1100: SMOKEY FUCKING ROBINSON is a keynote speaker. Hell yeah I will be there
1200: The Walkmen
1420: Delhi 2 Dublin
1630: Plants and Animals - Canuck band whose manager I talked to the other day.
1730-1900: "Industry party" with free booze. Hope to meet up with my friend Kryshan. (dinner at some point)
1930: The Terror Pigeon Dance Revolt! (Purchase, NY): know nothing about the band other then the name rocks
2030: Dan Mangan
2130: last half hour of James Intveld (Nashville, TN)
22:30: The Drive-By Truckers (Athens, GA)
11:30: Cassette Kids (Darlinghurst NSW) again know nothing about this band, but like the name
0010: La Melodia (Amsterdam) Talked to one of the artists - hip hop, we got into a rant about how mainstream hip hop sucks and has strayed away from the true meaning of hip hop. I think I'll like them.
0100: You Say Party! We Say Die! (Abbotsford, BC)
0240: catch night bus home.
0315 (appx): fall over.

Dec. 20th, 2009

Iran Uprising

Tentative Chicago Plans

Well...Monday I am driving up to Chicago and will be there for a week. It will include many thrift store visits (most my pants are about 2-3 sizes too big), and coffeeshop occupations.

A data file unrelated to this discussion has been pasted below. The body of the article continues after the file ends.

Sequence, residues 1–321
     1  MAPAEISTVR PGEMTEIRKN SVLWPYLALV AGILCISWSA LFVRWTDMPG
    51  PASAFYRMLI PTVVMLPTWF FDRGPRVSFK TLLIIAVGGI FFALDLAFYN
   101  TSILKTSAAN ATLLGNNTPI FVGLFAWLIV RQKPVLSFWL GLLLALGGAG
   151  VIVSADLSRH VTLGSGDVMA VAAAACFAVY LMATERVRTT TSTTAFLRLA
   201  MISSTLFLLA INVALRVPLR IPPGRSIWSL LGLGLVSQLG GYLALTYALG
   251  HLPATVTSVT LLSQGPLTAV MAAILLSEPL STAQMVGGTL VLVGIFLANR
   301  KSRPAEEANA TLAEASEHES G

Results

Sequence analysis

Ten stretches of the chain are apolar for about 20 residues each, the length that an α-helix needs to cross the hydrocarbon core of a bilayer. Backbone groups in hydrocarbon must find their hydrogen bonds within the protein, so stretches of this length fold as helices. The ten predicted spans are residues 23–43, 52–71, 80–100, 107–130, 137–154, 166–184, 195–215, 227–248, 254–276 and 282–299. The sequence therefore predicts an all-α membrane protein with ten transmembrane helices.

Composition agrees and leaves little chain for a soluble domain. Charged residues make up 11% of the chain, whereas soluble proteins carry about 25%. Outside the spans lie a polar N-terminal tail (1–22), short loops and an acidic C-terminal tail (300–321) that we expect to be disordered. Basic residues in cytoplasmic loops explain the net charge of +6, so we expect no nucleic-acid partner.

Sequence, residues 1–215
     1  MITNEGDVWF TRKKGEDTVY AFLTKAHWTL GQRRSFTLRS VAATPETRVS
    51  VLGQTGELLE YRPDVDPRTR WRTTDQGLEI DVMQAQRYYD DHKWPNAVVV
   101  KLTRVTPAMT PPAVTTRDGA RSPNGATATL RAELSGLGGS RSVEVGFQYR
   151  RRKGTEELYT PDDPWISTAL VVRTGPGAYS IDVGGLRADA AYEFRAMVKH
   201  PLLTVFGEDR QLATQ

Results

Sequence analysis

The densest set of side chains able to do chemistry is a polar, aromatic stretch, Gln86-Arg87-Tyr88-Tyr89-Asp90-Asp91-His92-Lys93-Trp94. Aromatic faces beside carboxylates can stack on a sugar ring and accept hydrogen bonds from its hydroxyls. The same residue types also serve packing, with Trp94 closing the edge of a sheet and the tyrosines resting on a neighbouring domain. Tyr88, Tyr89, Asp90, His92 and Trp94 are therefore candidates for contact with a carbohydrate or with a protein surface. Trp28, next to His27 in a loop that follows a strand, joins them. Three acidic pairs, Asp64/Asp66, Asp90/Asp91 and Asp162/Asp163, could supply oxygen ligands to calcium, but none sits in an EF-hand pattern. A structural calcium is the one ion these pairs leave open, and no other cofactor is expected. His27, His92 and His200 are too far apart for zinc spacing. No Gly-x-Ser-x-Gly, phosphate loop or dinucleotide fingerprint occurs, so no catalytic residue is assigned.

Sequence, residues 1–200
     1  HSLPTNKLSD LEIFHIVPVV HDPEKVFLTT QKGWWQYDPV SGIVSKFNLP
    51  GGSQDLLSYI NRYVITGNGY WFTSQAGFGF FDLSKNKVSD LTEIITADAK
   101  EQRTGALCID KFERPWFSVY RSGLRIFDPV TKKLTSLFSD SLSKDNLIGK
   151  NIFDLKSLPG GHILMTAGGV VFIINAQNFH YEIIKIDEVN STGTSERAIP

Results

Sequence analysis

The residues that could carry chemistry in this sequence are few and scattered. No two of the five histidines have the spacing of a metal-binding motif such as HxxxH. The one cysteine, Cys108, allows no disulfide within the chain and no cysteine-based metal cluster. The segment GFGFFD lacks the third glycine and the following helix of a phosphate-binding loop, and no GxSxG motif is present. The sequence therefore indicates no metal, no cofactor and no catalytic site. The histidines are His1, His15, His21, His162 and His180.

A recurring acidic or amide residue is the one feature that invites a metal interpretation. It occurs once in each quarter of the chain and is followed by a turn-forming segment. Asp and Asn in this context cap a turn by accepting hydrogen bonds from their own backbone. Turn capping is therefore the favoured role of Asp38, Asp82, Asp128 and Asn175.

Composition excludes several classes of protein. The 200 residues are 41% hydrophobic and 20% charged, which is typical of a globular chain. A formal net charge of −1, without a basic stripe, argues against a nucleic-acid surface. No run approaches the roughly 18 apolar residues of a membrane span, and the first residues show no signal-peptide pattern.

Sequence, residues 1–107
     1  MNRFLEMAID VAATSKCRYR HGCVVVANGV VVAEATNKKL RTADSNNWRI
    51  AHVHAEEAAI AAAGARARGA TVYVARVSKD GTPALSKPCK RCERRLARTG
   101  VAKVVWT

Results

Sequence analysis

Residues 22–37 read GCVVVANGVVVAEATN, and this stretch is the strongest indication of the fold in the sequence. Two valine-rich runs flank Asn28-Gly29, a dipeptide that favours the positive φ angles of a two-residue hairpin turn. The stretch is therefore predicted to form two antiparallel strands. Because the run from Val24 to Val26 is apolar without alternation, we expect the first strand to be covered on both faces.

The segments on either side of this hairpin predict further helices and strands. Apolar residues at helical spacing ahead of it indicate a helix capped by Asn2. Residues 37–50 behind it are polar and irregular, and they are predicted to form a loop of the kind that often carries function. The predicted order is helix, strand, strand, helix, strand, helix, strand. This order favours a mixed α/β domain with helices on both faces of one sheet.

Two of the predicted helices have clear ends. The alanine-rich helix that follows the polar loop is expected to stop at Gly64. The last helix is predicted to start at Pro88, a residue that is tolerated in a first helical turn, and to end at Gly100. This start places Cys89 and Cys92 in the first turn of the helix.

If I get in early enough there will be swing dancing at Fizz Monday night.

Open daytime, let me know if you want to hang out. This may be the day for coffeshoping, thrift store hopping, and snow frolicking.

1800: Local artist holiday bazaar and sale at The Hideout

Open daytime, see Tuesday for possible plans if none appear.

2100: In One Ear poetry reading at The Heartland

Thursday/Xmas Eve:
Annual trip to the Museum of Science and Industry (free admission Xmas Eve!) with my dad and then dinner with my grandma and uncle (dad's side).


Around noonish: meet with old and dear friend Mencheam, who I haven;'t seen in FOREVER for lunch and shenanigans. Ending early, b/c he is a Rabbi and it is the Sabbath. This may possibly be the time for Chinese food. I need my Chinatown fix.

Evening at Clare's house?

No solid plans, but hoping for a very Jewish Xmas (no family plans) which, for those of you who don't know what a Jewish Xmas is, will include Chinese food and a movie and possibly some ice skating in Millennium Park.

Saturday/Boxing Day:
Morning/afternoon with the millions of Sicilian relatives in the States.

Saturday evening at Brookfield Zoo for Zoo Lights.

23:30: late night dance party at The Hideout (one of my favourite clubs) with Life During Wartime, which is always a hoot.

Hanging out with my good friend Clare and there will definitely be ice skating. (Last year we took an unbelieving Bree ice skating in the rain - hell we're from Chicago - weather will not stop us!)

All I know is that pizza (which will probably happen with Clare), Thai food, and Ethiopian food must happen.